London group Twelve Architects has won the bid to develop a £607m airport terminal in Rostov-on-Don in southern Russia that will serve football fans visiting during the 2018 World Cup. Their “risky” design was chosen from a shortlist of 11 architectural firms, both Russian and British, including airport specialists Pascall & Watson and Haptic.
Looking beyond the World Cup event, the Yuzhny Greenfield Airport will be developed to meet the demand of five million passengers a year with offices, a hotel, a business centre and a high-speed railway network that will connect Moscow, Rostov-on-Don and Sochi, home to the 2014 Winter Olympics.
The jury described the design put forward by Twelve Architects as “memorable and unique”. Jivan Vartanian, transport minister for the Rostov on Don region, said: “Twelve Architects’ project may look too risky but in future it will become the most advanced.”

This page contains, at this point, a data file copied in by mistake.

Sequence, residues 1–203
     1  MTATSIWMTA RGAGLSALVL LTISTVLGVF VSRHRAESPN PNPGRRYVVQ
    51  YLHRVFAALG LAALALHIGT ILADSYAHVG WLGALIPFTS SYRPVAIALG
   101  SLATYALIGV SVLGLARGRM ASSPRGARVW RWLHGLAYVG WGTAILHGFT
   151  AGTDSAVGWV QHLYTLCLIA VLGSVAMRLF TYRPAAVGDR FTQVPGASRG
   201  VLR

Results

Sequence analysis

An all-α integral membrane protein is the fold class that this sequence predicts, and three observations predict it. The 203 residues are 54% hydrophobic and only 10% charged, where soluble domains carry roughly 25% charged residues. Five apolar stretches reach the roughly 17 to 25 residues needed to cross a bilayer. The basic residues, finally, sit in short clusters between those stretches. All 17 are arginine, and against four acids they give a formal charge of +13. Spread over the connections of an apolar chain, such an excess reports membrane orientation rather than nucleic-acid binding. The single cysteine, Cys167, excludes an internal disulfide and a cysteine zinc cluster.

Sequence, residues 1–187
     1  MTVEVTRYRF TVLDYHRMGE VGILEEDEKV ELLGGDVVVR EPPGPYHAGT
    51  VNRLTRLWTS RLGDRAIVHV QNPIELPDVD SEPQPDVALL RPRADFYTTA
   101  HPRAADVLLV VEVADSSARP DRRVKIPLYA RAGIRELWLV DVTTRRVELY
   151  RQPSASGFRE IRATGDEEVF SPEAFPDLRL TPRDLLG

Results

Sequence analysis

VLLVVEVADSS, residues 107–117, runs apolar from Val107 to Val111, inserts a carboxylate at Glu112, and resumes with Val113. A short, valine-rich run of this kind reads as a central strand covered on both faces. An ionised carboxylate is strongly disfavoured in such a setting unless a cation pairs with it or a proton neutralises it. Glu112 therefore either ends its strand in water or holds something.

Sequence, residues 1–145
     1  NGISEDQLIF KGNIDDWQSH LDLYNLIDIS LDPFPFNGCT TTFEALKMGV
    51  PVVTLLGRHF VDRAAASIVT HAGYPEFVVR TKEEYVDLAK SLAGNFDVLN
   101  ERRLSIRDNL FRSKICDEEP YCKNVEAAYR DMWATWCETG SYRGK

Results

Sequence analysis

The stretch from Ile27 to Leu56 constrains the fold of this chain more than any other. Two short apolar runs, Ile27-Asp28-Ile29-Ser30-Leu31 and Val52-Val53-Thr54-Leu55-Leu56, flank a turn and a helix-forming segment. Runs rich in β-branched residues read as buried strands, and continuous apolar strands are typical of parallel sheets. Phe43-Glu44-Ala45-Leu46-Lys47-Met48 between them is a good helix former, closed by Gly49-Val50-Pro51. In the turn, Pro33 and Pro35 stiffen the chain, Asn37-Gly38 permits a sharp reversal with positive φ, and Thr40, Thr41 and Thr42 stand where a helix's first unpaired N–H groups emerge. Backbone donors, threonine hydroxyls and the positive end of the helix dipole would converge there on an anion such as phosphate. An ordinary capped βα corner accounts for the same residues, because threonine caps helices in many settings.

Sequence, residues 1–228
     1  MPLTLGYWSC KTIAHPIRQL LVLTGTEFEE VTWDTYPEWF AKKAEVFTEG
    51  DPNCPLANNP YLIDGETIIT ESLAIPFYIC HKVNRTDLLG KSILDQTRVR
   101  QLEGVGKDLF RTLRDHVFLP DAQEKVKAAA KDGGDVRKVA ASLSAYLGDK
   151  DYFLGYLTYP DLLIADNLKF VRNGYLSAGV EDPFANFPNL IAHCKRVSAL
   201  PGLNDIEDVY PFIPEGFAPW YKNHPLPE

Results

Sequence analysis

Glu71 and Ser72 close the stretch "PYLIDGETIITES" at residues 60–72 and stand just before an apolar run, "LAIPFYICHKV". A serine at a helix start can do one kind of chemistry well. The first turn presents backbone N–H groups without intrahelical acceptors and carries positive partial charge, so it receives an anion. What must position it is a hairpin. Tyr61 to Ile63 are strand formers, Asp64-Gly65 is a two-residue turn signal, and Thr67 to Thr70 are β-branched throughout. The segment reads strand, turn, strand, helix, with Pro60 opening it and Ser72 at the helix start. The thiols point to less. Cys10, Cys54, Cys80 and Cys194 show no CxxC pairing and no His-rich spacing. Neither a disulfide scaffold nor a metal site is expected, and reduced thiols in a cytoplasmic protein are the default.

The design makes reference to the River Don, which runs through the port city, with a central feature that connects the airport terminal to the train station, car park, hotel and office buildings. A statement from the firm said that a series of bridges and roof arches bring to life the concept that an airport is a “sky-bridge” that connects cities and countries together.
On the ambitious nature of the design, Matt Cartwright, founding director of Twelve Architects, said: “We are currently working with the client to produce technical details and systems that are affordable and comply with Russian regulations whilst still retaining the concept.”
Twelve Architects is also working on a number of other Russian projects including an airport in the Perm, and a shopping centre, multi-storey car park, multipurpose sports venue and residential tower in Yekaterinburg.